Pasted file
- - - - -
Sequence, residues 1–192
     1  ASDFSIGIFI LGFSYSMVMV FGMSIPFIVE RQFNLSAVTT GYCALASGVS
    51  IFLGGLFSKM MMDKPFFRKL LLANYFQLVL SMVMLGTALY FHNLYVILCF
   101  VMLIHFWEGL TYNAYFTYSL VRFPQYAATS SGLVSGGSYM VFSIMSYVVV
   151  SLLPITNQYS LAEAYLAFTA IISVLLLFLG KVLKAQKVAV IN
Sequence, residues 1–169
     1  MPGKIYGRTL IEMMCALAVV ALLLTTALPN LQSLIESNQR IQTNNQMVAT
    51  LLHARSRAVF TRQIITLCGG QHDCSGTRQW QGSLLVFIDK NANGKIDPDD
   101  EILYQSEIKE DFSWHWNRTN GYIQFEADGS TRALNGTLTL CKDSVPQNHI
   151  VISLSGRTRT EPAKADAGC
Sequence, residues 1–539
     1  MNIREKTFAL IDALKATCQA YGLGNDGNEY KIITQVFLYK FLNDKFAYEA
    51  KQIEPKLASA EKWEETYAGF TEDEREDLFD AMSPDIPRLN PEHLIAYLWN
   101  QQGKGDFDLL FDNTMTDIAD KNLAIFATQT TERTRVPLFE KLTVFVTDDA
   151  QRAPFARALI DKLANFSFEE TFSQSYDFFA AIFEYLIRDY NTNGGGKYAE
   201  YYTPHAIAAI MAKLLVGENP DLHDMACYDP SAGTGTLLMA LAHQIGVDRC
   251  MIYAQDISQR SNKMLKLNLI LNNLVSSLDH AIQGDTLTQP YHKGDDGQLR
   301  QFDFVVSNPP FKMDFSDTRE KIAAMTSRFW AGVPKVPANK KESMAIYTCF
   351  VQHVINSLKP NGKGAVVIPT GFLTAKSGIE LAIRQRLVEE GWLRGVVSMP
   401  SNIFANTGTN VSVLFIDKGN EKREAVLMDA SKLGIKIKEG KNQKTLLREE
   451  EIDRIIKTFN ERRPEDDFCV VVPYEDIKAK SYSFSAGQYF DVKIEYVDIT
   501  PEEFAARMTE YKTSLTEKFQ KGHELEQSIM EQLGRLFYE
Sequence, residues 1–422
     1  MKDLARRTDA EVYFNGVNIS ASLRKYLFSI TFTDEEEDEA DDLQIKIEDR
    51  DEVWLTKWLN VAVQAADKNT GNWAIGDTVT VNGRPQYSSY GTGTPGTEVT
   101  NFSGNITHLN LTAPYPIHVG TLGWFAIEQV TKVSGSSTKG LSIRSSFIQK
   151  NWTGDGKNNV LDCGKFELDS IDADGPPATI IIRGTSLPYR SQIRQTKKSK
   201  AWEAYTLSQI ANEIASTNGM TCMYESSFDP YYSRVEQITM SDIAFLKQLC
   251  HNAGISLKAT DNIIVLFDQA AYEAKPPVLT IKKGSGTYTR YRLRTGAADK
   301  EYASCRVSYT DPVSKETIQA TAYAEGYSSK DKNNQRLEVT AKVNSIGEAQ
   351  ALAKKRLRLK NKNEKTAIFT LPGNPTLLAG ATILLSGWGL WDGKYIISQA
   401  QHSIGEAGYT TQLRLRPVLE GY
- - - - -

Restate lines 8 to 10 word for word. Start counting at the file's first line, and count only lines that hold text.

    51  LLHARSRAVF TRQIITLCGG QHDCSGTRQW QGSLLVFIDK NANGKIDPDD
   101  EILYQSEIKE DFSWHWNRTN GYIQFEADGS TRALNGTLTL CKDSVPQNHI
   151  VISLSGRTRT EPAKADAGC